Mysteries Were Meant To Be Solved

One of the occupational hazards of reading mystery novels is that one fancies oneself a bit of a detective.  If one likes puzzles and problems and mysteries, and I sure do [1], then one tends to see the loose threads of one’s own life as the material for mysteries to solve, and that is certainly the case for me.  In addition, sometimes in the effort to solve a mystery one finds other mysteries that are worthy of solving as well, as the scope of problems typically grows when one digs at them, just as loose threads tend to get longer and fray the fabric that they come from until the piece of fabric comes undone.  Today, I would like to comment at least a little bit on a mystery that confronted me today, and how I chose to deal with it, as it is the sort of thing that other people may find happening in their lives in the contemporary age.

Late this morning, as I was taking a break from some reading, I looked at my phone to see that a close friend and distant relative of mine had sent me some messages last night, asking what I had thought about the 80th anniversary celebration our congregation had yesterday (my feelings, as is usual about such things, are mixed and complicated), and if I was going to write a personal blog about it (I did).  When I went to reply, I found that my reply did not go through.  Suspecting what had happened, I tried to click on the friend’s name and found that I could not go to the profile any longer, which reminded me that I had been blocked.  As this has happened to me before, what was left to me was a mystery.  How was it that a close friend of mine, during the course of the night, without any sort of signal of being unhappy, had blocked me.  All I had were the questions asked, which were fairly normal questions and which invited a response, and a cryptic final statement:  “i dont know i was drunk,” which did not appear to be written by my friend, but by someone else.

In solving a mystery like this, it is best to operate two feedback loops simultaneously.  In one of them, one tries to use one’s imagination and intuition and knowledge of the situation to best understand what is going on, and then one seeks to communicate with the person in question to resolve the difficulty through direct conversation.  The second loop I tried to deal with quickly by leaving a text message and waiting for a reply.  The first loop took a bit more time, as I pondered that the person whose account it was probably was not upset at me at all.  It is possible that there had been an accident, but it was more possible that someone else in the family had been into the account and had caused some mischief.  The enigmatic last statement suggested the person involved may have been telling the truth that they were drunk, but there was likely more going on than simply drinking.  There was clearly some malice in the mood.  Although I am not someone who drinks often, I have never found myself behaving in any way I did not want to do on some level after drinking, merely lacking my customary (and perhaps excessive) sense of restraint while doing so.  I judged this to be the case here also.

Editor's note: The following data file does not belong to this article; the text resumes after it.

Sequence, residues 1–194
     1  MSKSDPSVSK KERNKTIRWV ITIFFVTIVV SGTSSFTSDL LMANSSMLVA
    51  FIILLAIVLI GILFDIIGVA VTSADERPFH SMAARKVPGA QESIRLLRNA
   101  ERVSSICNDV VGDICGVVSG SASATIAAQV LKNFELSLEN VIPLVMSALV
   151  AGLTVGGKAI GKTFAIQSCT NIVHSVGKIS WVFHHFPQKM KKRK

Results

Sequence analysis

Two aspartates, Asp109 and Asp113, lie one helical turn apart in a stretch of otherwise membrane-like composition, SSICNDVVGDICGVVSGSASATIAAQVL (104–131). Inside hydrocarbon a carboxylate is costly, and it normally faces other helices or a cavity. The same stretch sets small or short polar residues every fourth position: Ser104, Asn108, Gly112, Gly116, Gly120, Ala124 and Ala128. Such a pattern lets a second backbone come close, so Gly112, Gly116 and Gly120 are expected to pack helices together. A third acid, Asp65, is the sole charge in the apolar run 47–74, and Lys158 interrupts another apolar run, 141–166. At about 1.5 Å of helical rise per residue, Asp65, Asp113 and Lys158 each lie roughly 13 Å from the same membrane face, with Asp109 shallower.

By mid-afternoon, the first part of the mystery had been solved.  I had received an e-mail from the close friend, had instructed her on how to unblock me (something that some other people could probably use a lesson on), and had heard the story at least as it was known by her.  There was a prime suspect in case who had indeed been drinking.  There had been some destructive wrestling between him and another relative that had led to injuries, and no one who had been there last night while we were all still at the 80th anniversary celebration was willing to spill any details, suggesting the story was something that no one was particularly proud of.  And with that the mystery remains, for now.  The question remains as to whether any other parts of the mystery will be solved–much of which would depend on someone willing to spill their guts about what was said or done by the various people who were there–two or three people at least.  It is also unsure what sort of repercussions will happen–after all, the lure of alcohol and the tendency to behave improperly under its influence are definitely problematic behaviors at least.  But that is not a mystery for me to solve.

[1] See, for example:

https://edgeinducedcohesion.blog/2018/03/20/the-puzzle-of-the-lords-day-in-the-didache/

https://edgeinducedcohesion.blog/2010/12/18/book-review-the-riddle-of-scheherazade-and-other-amazing-puzzles-ancient-and-modern/

https://edgeinducedcohesion.blog/2010/12/08/on-the-history-of-math-puzzles/

https://edgeinducedcohesion.blog/2016/04/17/a-roman-murder-mystery/

About nathanalbright

I'm a person with diverse interests who loves to read. If you want to know something about me, just ask.
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